Dollar dominance has endured thanks to America’s sizable economy, independent courts, deep capital markets, and the liquidity of dollar assets. The dollar accounts for about 59% of foreign exchange reserves, half of international trade, 40% of international payments, and 85% of foreign exchange transactions. This inertia, however, won’t withstand the global pivot to digital finance.

While this displacement would not be immediate, the development of cross-border wholesale CBDC arrangements could enable international financial flows, trade invoicing, and currency exchange without dollar intermediation. For example, China has launched a pilot program with Hong Kong, Thailand, and the UAE to establish an “m-CBDC Bridge” enabling real-time, cross-border currency transactions. This furthers China’s goal of establishing the digital yuan as Asia’s regional currency to build influence and neutralize sanctions while avoiding the burdens of global reserve status. The US cannot prevent this cooperation, but it must lead to ensure that interoperability standards match our preferences, not China’s. Building a digital dollar would turbocharge this leadership while providing an alternative cross-border flow mechanism. Without innovation, the US will be on the outside looking in as international transactions shift to currencies like the digital yuan.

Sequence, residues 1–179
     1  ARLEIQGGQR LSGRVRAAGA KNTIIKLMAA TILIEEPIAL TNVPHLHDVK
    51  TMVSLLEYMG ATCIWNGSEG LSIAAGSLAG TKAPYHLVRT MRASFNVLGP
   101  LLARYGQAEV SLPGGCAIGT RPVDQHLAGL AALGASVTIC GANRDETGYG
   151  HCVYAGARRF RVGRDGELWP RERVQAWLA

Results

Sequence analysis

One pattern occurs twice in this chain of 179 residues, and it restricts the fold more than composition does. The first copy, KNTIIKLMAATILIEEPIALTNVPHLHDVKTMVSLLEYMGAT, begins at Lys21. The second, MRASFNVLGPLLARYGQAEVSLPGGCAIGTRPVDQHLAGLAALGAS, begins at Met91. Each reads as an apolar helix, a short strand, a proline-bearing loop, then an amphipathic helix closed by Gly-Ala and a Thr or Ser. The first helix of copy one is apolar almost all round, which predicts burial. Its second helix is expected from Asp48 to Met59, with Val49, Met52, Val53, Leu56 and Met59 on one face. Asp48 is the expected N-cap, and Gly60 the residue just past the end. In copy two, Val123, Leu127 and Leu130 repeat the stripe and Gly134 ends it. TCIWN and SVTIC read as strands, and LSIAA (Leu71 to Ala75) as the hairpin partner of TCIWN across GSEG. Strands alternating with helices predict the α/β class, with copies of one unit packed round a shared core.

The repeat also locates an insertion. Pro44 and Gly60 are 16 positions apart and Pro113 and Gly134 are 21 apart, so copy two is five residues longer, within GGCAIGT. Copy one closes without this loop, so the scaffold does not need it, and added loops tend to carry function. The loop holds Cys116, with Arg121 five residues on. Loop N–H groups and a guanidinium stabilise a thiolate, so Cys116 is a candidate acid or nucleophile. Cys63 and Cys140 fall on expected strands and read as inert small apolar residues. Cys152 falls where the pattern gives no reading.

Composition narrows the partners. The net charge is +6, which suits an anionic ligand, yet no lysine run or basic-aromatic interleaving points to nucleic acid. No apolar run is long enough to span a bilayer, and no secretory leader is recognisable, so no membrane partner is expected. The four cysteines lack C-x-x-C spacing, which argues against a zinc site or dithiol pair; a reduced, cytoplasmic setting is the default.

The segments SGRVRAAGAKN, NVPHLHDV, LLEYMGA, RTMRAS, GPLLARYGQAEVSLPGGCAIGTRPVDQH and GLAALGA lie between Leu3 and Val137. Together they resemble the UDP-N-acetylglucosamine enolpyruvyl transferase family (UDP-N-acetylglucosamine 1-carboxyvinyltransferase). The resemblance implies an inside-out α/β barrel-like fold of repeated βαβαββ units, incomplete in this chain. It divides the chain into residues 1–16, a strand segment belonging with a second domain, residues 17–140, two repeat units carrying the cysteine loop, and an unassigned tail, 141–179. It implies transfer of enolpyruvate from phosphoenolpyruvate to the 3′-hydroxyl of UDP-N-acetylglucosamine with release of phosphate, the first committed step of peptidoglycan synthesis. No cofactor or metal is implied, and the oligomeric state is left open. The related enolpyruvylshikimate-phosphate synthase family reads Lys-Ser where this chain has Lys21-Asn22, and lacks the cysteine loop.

Beyond transactions, CBDCs set the stage for a third iteration of Bretton Woods: an opportunity to set the global financial system’s ground rules for the digital age. The US must seize this fleeting moment. Once the rules are set, their momentum is impossible to slow. Central bankers around the world are looking to the US for guidance. Without it, they will turn to countries like China.

The US can rise to the occasion with three steps.

First, the Biden administration should establish a presidential-level working group with European leaders to frame a digital Bretton Woods. This transatlantic vision should establish guidelines to govern the global financial system for the coming decades. 

Second, the US and EU should establish a technocratic working group to create a “digital wall of innovation” against China. This working group should coordinate key standards for interoperability, privacy, cybersecurity, and illicit finance, and build a new framework with the Financial Action Task Force for combatting money laundering and terrorist financing. US and EU innovation can fill the current vacuum of standards and de facto become the global norm. Rather than asserting influence via “dollar dominance,” the US will lead via “dollar innovation.”